If I can recall correctly, the media that I've used over three years are: acrylic paint, acrylic gels and medium, airbrush pigment, gesso, modelling paste, ink, and oil pastel. If I used a texture, or I drew a shape, what I had in mind were things to do with coal, and mining, just the same as the short film I just completed. Some of the abstract marks still derive ultimately from remembered shapes of machinery, pipes, and so on.

For this latest foray, I took out lots of work on Japanese paper (ink drawings and prints), tore them into strips, and began collaging them to the surface using acrylic medium. It produces a pleasing extra layer of tone and texture, covering up the preceding layers but not entirely. Here is a close-up of one part:

The fibres of the paper are working with the black ink and acrylic paint underneath. I like the effect, though who knows whether I will call this picture 'done' -- after three years! -- or whether I'll keep working on it until 2016.

Thursday, December 5, 2013

Against Spectacular Art

I see a lot of art these days. I see it online, via all the blogs and websites I have bookmarked. I see it in galleries and museums in Chicago, which I visit more regularly since I started writing articles about art for publications like Time Out and Hyperallergic. I see it in the corridors and studios of the building where I have my own studio. It gets tiring sometimes, certainly, but there’s one strain of art in particular that I’m growing very tired of—spectacular art.

By that, I mean objects and two-dimensional works that make a strong visual first impression, most often because they are made from unusual combinations of materials. Examples: portraits made from winding thousands of threads around the heads of pins embedded in a panel, so that the face gradually emerges from the accumulation of the unlikely material. Thousands of post-it notes apparently suspended in mid-air in a forest (created through digitally altered photos). Trompe l’oeuil face painting. Timelapse graffiti. Insanely gigantic sculptures of horses’ heads next to a river. Anything by Yayoi Kusama.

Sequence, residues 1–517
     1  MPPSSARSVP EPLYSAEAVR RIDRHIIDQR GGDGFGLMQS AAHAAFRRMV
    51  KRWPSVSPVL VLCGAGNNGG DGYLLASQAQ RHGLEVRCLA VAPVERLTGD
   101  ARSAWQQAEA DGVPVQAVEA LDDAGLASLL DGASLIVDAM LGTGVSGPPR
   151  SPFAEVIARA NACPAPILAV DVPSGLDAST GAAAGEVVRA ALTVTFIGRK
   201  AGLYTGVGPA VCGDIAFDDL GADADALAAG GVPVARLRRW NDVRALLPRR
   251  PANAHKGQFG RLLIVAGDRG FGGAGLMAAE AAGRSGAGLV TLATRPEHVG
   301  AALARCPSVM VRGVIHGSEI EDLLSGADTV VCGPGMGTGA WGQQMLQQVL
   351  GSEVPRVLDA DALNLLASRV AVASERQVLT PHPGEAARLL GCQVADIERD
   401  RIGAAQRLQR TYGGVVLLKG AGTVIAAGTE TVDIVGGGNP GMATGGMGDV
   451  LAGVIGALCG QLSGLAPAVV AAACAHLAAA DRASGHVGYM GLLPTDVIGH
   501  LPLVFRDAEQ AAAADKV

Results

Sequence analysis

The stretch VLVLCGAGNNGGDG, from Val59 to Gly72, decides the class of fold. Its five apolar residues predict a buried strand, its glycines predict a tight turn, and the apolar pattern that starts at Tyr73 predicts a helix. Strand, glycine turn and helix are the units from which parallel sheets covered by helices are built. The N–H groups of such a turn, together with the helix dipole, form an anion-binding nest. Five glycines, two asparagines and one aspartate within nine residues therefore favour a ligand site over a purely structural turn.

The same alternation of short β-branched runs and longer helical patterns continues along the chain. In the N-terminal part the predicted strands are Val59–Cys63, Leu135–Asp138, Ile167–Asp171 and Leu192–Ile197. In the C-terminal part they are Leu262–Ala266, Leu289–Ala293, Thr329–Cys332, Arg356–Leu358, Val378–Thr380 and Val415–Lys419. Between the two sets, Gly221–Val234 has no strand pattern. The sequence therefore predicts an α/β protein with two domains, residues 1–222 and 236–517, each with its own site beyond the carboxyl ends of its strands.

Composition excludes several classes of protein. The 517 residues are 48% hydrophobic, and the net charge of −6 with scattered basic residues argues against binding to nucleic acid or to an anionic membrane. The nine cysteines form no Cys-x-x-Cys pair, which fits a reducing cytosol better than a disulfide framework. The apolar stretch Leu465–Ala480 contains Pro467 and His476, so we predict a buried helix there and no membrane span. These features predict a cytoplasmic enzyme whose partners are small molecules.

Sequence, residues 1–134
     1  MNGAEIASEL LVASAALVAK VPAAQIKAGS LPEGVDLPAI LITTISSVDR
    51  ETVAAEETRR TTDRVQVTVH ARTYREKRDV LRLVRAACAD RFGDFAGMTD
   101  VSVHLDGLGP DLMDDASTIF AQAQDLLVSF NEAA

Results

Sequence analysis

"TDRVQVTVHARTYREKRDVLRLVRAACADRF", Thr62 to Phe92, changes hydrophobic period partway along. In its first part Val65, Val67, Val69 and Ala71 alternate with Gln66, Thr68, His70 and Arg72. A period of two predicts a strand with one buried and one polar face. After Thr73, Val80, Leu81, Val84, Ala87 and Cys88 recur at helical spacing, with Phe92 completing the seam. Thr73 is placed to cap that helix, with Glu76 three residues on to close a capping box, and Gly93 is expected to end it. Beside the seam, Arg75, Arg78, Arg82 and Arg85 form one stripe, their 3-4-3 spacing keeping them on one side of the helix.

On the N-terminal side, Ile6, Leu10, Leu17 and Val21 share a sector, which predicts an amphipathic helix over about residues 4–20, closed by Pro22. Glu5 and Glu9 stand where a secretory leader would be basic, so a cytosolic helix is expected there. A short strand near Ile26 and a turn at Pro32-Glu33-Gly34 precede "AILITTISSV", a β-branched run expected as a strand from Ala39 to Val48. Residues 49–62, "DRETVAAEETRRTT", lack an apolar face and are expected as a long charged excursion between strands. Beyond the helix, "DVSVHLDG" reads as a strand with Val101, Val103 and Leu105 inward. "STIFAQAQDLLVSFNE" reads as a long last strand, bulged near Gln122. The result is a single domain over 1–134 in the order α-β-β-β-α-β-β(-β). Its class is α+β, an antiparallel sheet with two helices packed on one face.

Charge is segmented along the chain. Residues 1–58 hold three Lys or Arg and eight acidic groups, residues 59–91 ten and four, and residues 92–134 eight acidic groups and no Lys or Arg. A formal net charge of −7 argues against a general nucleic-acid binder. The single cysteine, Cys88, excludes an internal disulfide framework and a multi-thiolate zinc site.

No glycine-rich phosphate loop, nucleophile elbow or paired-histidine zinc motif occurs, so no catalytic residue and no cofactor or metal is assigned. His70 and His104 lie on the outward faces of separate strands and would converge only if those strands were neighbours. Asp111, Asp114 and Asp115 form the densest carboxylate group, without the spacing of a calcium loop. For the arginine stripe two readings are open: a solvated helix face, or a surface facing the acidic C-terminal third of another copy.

All this stuff definitely makes you say “Wow” when you see it. The level of skill, the time consumed in the making, is all impressive. It’s possible that all the work just cited makes people feel something emotionally, too. That’s fine. What I object to is that this kind of art is increasingly becoming what people think art should be, which in turn presents the danger that this is mostly what more art will become for the near future. If it doesn’t hit you like a big explosion of fireworks straight away, if it isn’t made from unusual combinations of materials, if it doesn’t fool your eye, then it might get passed over, even considered not to be art.

But I think the best art is unspectacular, less concerned with flash, and definitely unconcerned with the instant effect. There’s a place for unusual materials (and every artist should experiment, constantly), but only if it leaves room for something as old fashioned as paint, and wood carving, and all those boring bourgeois activities. So today I am standing up for grey paintings and drawings, things that don’t suck up to you via hot colours, or subjects that are comforting and familiar:

Cy Twombly

I am standing up for slow work over fast work:

Agnes Martin

Gerhard Richter

I am standing up for things that are not “colossal”, but small and indirect, that take time to reveal their meaning to you:

Christian Boltanski

With grey works of art, there's no room to hide, and your skills stand revealed in their barest essence:

John Tomlinson